Back when my computer was first blue screening, I disabled Windows Search Service. For a few days, things seemed to be going fine. But then, the BSOD's resumed and I went on a month-long journey of constant irritation. Since then, I have now learned that my PC is generating more heat than it likes to.
I put out a whole bunch of threads, but will have to post a final follow-up so that more people can benefit from whatever the heck can be learned from this thread. Druben, I'm not sure that Windows Search Service requires a better CPU (with one caveat). I don't even have a dual core system, I'm running a pretty old hardware configuration.
The caveat I mentioned above, though, is this. Technical documentation seems to lack any reasonable way of assessing what the temperature-load of a system is. For instance: My video card is reasonably new (within the last year and a half), but my CPU is more like 3 years old. Right now, I only get intermittent blue screens when my wife plays Plants vs. Zombies (for god knows what reason).
While my card is pretty new, the fact is that my blue screen instances went way down after I took a compressed-air can to it and created a wind tunnel from the front to and through the back. My next step is to buy a card-fan to attempt to draw excess heat from the videocard and hopefully drop the temp a few more degrees.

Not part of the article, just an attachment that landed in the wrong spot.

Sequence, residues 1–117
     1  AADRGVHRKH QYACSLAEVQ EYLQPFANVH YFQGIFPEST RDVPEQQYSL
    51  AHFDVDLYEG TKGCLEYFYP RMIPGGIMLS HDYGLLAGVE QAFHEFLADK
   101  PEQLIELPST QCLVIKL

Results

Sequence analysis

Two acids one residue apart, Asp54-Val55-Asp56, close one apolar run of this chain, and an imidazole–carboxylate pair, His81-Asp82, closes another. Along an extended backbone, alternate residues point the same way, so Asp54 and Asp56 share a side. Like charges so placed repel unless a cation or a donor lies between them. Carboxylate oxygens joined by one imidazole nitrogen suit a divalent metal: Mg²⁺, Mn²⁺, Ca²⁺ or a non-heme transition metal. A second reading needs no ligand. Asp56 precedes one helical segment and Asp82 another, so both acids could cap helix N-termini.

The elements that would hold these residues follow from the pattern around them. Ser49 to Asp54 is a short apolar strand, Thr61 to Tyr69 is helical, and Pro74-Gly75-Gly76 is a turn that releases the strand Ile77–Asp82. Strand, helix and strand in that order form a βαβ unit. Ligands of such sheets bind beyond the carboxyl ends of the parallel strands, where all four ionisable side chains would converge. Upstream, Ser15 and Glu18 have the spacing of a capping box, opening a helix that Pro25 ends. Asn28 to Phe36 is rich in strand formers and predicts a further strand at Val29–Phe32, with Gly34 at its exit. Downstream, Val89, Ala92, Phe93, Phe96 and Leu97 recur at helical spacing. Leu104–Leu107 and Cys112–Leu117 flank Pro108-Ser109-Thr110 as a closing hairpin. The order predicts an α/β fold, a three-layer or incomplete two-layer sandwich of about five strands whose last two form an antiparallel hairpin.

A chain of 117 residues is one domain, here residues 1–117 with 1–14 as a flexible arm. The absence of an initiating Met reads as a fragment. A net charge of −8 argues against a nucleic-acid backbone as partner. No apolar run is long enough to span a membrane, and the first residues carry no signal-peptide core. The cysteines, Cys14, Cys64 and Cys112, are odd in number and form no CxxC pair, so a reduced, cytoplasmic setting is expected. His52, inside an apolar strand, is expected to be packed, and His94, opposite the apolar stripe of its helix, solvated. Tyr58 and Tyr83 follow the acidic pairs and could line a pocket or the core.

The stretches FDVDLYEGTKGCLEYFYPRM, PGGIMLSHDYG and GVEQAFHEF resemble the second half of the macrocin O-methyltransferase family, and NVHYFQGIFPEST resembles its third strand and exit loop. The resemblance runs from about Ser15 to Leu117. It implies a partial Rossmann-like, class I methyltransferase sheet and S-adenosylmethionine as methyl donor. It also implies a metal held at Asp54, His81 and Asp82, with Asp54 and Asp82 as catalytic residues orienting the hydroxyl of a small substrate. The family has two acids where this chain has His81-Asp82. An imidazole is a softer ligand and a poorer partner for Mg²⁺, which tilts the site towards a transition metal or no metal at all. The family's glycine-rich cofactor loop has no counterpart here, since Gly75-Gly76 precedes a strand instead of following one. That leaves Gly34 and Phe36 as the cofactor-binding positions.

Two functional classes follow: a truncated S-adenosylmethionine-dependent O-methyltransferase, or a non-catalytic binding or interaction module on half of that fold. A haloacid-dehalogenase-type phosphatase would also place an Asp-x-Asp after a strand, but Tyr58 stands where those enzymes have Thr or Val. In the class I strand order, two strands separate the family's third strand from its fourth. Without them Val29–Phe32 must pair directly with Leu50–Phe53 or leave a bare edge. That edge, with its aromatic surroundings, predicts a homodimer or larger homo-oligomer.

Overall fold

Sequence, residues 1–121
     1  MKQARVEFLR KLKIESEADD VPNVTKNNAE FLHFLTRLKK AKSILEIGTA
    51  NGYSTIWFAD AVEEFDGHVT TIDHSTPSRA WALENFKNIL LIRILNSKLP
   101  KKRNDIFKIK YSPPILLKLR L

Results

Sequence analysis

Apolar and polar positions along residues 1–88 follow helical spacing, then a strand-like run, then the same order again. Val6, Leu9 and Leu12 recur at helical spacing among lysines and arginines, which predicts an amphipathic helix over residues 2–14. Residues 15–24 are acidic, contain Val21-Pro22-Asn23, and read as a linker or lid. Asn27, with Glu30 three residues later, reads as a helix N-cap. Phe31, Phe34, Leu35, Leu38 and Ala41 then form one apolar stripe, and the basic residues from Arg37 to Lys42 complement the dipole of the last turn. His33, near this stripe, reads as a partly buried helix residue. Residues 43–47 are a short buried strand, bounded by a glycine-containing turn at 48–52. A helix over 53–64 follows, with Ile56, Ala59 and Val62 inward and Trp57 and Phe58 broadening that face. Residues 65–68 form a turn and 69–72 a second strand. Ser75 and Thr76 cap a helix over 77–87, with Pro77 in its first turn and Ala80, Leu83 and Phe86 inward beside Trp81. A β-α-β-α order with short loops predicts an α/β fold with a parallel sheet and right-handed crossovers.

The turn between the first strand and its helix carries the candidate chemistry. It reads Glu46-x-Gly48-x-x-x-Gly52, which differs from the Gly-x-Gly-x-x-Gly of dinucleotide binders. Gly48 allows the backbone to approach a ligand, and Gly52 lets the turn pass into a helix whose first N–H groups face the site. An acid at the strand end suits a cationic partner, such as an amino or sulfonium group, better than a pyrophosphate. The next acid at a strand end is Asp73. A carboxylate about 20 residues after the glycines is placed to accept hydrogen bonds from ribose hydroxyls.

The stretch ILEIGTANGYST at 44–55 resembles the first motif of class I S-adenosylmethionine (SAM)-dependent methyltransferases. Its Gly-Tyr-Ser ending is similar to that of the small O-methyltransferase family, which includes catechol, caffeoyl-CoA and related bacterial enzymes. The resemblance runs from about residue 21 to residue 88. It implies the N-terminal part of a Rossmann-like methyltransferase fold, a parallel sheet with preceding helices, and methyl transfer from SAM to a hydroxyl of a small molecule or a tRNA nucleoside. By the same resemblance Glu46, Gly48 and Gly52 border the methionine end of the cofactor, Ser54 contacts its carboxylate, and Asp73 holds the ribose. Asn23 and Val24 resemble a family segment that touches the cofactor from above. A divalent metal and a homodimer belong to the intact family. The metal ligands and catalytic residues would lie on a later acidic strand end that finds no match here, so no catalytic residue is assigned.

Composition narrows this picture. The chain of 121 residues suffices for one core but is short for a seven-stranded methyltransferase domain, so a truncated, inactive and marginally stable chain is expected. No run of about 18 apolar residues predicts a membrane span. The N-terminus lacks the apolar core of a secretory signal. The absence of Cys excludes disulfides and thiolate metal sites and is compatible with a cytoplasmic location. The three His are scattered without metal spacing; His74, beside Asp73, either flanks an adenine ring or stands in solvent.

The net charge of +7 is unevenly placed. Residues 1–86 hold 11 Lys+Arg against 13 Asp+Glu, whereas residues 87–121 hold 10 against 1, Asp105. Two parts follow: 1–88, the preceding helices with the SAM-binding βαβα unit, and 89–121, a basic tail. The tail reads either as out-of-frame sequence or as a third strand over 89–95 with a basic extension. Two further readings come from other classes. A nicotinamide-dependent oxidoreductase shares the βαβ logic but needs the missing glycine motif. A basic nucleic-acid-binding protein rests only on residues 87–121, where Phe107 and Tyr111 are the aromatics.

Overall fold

Obviously, the one piece of advice you get from everyone is "swap every damned thing out of your PC and see when it stops failing". Of course, not all of us have an exact replacement part hanging around for this (my situation).
This is kind of rambling (apologies), but let me leave you with this observation, which I did not find enough of - or fully appreciate - until this happened. As our hardware ages, it gets less reliable. We all know that. But it hadn't really sunk in that - in addition to that lowered performance, it also has a lower tolerance to heat that may never have seemed to bother it just a year ago.
After what feels like an eternity, I have finally learned that lesson. I hope it's useful to you Druben, or to any other person frantically googling and searching for answers to an interminable series of blue screens that crush the soul.